The Past, Poverty & Perspective

By   October 5, 2008

Thanks to David’s dad and his generous gift of Chèque Lire, I got yet another French as a Foreign Language book at Decitre today, in an attempt to improve my faltering French since I can’t afford actual classes. The first chapter was about traveling, and more specifically, Quebec. The second chapter was about rencontres and had an excerpt from Nadja, by André Breton.

I’ve obviously taken a break from studying to type this in English, not because I wanted to, but because I couldn’t stop thinking about studying in Quebec and being a French major in college, circa 2002, when I first read Nadja. There are a few things I wish I had done differently back then – studied in Europe in addition to Quebec, for one – but I don’t regret the choices I did make.

I suppose now I’m just longing for the student life because things were so much easier then. I knew what was going to happen for the next few years and I had hope for the future. That’s not to say that I don’t have hope now, it’s just that life is different now. I’m different now. I know I will have a job for two years, but beyond that… I have no idea. I would still like to move to Quebec or at least leave France for a while, but that’s going to cost a lot of money and it’s too hard to think about the future with the current state of the economy.

Being poor has really gotten me down lately. I was poor in the US too, but now that I’m further away from friends and family in a country where prices are twice as high and salaries twice as low as what I’m used to… let’s just say it’s a never-ending challenge. It’s frustrating to be so close to foreign countries and not be able to visit them and learn about their history, culture, and especially language, firsthand. I would give anything to see the world, but instead I’m worrying about paying the taxe d’habitation. I’m not even sure yet how I’m going to afford both of my siblings’ weddings across the ocean next year. I doubt David can come with me since we can’t even afford repairs on his car right now.

My habits have changed too. I used to read so many books and study languages constantly. Now I have very little motivation or dedication to do so. Apparently I’d rather check all of my accounts and worry about paying bills than learn something new. My mind keeps wandering whenever I do try to read or study. I can’t concentrate on anything anymore (as evidenced by my blogging while I was supposed to be studying French. ::sigh::) Maybe it’s just because I’ve been out of the university mindset for two years, but I really miss being productive and accomplishing something.

I realize it’s all a matter of perspective and that there are definitely many, many people in the world in worse situations than me. I have my health, my job, my families, my apartment, my car, my boyfriend… I just wish I could feel that there is more to life than worrying about money and dealing with all of the ridiculous bills that France throws our way. And I absolutely hate having to leave David out of my family’s functions just because of a lack of money. I feel like I’m being punished, but I don’t know by whom or for what. I do feel like it will last an eternity though.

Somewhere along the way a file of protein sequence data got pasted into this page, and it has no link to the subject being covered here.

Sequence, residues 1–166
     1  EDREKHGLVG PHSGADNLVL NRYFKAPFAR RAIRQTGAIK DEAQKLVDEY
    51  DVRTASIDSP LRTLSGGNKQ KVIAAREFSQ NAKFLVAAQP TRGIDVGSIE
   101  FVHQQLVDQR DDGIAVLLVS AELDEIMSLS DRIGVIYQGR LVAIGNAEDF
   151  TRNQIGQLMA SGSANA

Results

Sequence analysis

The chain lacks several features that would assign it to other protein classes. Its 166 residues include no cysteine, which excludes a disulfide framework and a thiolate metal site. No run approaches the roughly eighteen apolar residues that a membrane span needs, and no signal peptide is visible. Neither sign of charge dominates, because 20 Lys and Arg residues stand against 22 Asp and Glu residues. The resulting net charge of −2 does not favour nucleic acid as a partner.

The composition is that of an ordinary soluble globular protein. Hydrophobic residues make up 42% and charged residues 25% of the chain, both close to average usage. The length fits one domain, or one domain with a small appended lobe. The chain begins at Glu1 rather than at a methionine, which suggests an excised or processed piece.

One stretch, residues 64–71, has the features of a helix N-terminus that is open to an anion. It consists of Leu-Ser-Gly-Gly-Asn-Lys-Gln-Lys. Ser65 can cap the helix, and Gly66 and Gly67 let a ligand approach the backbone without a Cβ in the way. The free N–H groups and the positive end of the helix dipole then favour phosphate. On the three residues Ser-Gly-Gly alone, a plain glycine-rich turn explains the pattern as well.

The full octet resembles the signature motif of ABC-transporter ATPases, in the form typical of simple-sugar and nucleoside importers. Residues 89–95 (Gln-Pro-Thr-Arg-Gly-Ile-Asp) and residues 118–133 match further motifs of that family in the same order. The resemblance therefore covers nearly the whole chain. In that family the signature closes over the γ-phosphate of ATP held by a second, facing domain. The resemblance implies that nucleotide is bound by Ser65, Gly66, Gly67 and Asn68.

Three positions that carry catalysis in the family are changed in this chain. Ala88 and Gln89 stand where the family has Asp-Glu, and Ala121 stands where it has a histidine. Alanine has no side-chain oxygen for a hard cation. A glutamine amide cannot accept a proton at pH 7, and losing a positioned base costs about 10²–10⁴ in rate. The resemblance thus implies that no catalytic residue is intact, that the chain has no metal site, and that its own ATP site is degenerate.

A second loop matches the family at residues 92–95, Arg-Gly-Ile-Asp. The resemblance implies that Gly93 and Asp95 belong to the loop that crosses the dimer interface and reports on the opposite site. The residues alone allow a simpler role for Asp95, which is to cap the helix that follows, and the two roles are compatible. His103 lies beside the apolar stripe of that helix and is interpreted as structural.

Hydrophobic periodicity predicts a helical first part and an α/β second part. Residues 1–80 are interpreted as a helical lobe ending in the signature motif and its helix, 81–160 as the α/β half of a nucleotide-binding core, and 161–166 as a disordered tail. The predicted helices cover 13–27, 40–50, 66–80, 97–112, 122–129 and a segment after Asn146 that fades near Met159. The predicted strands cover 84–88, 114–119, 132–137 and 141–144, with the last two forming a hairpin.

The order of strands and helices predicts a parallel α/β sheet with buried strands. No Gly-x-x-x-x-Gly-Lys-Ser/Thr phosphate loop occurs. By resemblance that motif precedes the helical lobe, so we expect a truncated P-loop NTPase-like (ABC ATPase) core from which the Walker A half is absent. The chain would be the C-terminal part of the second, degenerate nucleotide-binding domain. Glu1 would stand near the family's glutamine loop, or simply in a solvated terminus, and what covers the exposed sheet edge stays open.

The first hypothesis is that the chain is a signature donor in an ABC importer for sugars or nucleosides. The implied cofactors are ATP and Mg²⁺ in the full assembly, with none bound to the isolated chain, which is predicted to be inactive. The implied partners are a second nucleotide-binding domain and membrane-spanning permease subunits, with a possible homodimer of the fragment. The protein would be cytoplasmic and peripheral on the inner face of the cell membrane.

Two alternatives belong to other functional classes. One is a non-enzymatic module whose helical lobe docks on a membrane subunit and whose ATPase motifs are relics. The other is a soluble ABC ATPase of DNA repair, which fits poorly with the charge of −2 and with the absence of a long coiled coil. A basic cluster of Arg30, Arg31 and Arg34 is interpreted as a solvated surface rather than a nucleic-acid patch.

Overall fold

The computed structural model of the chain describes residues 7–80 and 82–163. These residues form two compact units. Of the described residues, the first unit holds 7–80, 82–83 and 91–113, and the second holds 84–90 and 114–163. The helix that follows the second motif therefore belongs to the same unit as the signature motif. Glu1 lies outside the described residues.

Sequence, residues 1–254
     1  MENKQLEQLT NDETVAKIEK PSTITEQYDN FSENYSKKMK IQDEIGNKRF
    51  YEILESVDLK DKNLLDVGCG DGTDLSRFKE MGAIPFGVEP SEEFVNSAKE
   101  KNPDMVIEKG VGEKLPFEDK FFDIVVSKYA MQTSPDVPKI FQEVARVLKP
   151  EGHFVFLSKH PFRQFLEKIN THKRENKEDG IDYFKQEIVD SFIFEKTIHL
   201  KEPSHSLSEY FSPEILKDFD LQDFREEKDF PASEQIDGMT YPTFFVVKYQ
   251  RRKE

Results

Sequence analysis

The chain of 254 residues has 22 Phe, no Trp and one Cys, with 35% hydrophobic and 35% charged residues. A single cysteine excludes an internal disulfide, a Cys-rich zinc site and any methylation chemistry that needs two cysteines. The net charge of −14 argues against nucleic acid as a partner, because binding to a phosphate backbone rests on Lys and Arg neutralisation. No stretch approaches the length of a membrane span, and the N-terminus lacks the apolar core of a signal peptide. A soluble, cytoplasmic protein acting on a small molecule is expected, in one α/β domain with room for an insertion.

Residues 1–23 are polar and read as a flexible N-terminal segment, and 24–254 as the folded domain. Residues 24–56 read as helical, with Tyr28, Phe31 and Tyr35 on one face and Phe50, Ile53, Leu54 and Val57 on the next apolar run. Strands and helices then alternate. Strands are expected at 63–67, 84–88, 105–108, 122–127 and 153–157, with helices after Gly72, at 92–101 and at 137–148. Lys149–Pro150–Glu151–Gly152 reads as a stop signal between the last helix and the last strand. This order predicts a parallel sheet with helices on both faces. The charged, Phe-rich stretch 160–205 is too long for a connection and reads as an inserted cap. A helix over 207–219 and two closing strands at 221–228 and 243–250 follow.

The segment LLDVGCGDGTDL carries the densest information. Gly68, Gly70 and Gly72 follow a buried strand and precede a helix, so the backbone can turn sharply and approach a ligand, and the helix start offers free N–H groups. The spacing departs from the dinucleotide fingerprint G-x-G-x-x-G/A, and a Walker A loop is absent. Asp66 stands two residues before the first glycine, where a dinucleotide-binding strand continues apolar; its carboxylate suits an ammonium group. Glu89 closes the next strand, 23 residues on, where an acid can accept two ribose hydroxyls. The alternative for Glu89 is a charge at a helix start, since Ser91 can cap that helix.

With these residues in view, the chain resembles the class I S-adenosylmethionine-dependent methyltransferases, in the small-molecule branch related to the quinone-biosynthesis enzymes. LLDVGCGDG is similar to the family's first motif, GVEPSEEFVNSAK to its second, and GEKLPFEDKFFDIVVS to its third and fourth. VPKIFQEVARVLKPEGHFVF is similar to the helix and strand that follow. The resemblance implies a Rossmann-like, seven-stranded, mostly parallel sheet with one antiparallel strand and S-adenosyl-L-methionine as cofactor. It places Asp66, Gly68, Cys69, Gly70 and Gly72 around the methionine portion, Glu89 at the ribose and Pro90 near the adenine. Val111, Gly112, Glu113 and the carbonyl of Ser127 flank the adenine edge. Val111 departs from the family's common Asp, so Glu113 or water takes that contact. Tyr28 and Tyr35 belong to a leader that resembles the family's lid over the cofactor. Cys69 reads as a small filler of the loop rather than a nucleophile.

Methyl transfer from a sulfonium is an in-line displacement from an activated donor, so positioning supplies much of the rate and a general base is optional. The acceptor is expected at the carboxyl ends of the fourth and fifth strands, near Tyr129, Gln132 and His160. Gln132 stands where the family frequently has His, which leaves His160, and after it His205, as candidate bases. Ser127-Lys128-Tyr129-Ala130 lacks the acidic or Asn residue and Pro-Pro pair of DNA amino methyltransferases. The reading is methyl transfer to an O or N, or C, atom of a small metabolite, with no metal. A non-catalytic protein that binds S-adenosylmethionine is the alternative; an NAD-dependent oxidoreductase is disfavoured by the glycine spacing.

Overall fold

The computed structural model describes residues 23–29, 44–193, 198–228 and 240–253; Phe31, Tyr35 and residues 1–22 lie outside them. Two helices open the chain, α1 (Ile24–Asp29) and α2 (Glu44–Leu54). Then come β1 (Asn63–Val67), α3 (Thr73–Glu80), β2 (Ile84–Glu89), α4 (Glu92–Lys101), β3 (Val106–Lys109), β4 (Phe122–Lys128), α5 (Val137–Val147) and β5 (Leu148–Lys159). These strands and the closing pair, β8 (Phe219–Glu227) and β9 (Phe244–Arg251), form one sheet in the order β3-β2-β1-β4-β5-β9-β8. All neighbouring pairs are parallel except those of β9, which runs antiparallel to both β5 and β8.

The Not-So-United States of America

By   October 4, 2008

So the presidential elections (only one more month to go!!!) and having to explain the Electoral College and how voting works in the US to the French have stirred up some emotions about why I don’t like living there. The United States of America is just that – a collection of states, but states that are not all that united. All of them must follow federal laws, like driving at 16, voting at 18 and drinking alcohol at 21; but there are also a lot of laws that are decided on by state governments, which I find completely unfair. We are all American citizens, yet we don’t all have to live by the same laws just because we live in different states?

In Michigan this year, there are two proposed amendments to the state constitution on the ballot: legalizing marijuana for medical purposes and allowing embryonic stem-cell research. In some states these are already legal or illegal. In some states, they are voting on other amendments, like banning gay marriage or preventing animal cruelty.  How awful is it to tell people they can be married in one state but if they travel or move to another state within the same country, their marriage is no longer legal???

I believe the federal government should have more power over each state, so that the laws are the same everywhere you go in the US. Why do some states have better education systems than others? Why do some states provide more basic human rights than others? Why do some states have better health care options than others?  I don’t necessarily agree with France’s centralizing everything to Paris, but at least laws are the same in every région and département. And that is my biggest problem with voting in the US.